DNA as a crime-fighting tool has not yet lived up to its full expectations. Police officials believe that could start to change as California begins to implement the newly passed Proposition 69, reports the Los Angeles Times. The most populous state, now with the nation’s most aggressive DNA law, may help propel DNA use nationwide. The prospect cheers police officials and troubles civil libertarians. “California will very quickly become the ‘hit’ leader in the nation,” said Paul Ferrara, the head of Virginia’s Division of Forensic Science. “And they’ll get a lot of ‘hits’ for crimes in other states and criminals in other states.”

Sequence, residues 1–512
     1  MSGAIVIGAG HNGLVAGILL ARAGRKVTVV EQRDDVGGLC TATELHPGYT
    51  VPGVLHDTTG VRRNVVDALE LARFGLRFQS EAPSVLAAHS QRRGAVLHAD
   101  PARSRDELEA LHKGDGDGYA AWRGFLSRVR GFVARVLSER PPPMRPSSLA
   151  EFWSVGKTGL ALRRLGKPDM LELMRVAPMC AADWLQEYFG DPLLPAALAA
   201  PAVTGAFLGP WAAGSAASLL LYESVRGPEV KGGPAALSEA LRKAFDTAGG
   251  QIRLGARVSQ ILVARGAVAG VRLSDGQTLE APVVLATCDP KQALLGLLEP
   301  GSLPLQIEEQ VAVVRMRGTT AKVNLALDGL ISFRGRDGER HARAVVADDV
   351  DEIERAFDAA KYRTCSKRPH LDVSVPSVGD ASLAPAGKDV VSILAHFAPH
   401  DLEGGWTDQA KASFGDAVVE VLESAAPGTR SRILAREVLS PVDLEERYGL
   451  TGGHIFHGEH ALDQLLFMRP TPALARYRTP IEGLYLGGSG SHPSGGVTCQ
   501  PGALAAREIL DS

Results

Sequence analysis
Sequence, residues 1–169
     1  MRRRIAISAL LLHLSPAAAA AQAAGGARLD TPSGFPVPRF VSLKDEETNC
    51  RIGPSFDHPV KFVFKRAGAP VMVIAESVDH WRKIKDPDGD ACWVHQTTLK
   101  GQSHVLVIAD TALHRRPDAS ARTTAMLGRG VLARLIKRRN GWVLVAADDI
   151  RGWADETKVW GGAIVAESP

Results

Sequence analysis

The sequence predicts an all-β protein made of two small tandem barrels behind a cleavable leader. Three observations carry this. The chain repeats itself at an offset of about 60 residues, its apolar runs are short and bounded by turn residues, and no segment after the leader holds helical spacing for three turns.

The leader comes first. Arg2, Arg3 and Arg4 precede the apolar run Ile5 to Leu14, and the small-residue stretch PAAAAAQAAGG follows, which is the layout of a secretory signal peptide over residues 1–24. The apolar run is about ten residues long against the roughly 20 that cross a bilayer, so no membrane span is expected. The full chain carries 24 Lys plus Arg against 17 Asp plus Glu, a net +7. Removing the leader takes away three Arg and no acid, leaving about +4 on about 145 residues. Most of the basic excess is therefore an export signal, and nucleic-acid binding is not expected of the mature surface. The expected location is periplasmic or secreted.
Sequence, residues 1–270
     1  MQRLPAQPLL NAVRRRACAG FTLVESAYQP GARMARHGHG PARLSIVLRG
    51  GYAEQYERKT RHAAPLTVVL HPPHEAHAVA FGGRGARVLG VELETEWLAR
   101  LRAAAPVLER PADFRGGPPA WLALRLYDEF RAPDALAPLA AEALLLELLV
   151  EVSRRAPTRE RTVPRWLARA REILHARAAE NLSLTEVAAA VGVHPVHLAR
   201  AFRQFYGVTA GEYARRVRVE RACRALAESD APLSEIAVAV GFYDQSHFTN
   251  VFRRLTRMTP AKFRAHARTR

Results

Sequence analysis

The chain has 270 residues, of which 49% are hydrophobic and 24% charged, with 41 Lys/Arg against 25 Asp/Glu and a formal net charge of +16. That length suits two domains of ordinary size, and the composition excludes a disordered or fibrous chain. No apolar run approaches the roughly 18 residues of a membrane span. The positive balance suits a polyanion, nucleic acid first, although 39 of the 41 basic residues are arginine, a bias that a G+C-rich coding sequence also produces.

Proposition 69, approved by voters 62 percent to 38 percent, mandates that a DNA “fingerprint” be taken from all adults and juveniles convicted of a felony, as well as all adults arrested for murder or certain sex offenses – whether or not they are convicted. In 2009, the law expands to include any person arrested for a felony or for some misdemeanors, also regardless of a conviction. The FBI’s national databank, the Combined DNA Index System, or CODIS, contains about 1.5 million names. If California is able to keep up with its new law, the state could add 1 million names in a few years. Testing will be done with Q-tip-like devices that take a sample from the lining of the inner cheek. Lance Gima of California’s Bureau of Forensic Services estimated the cost per test at $50 to $60.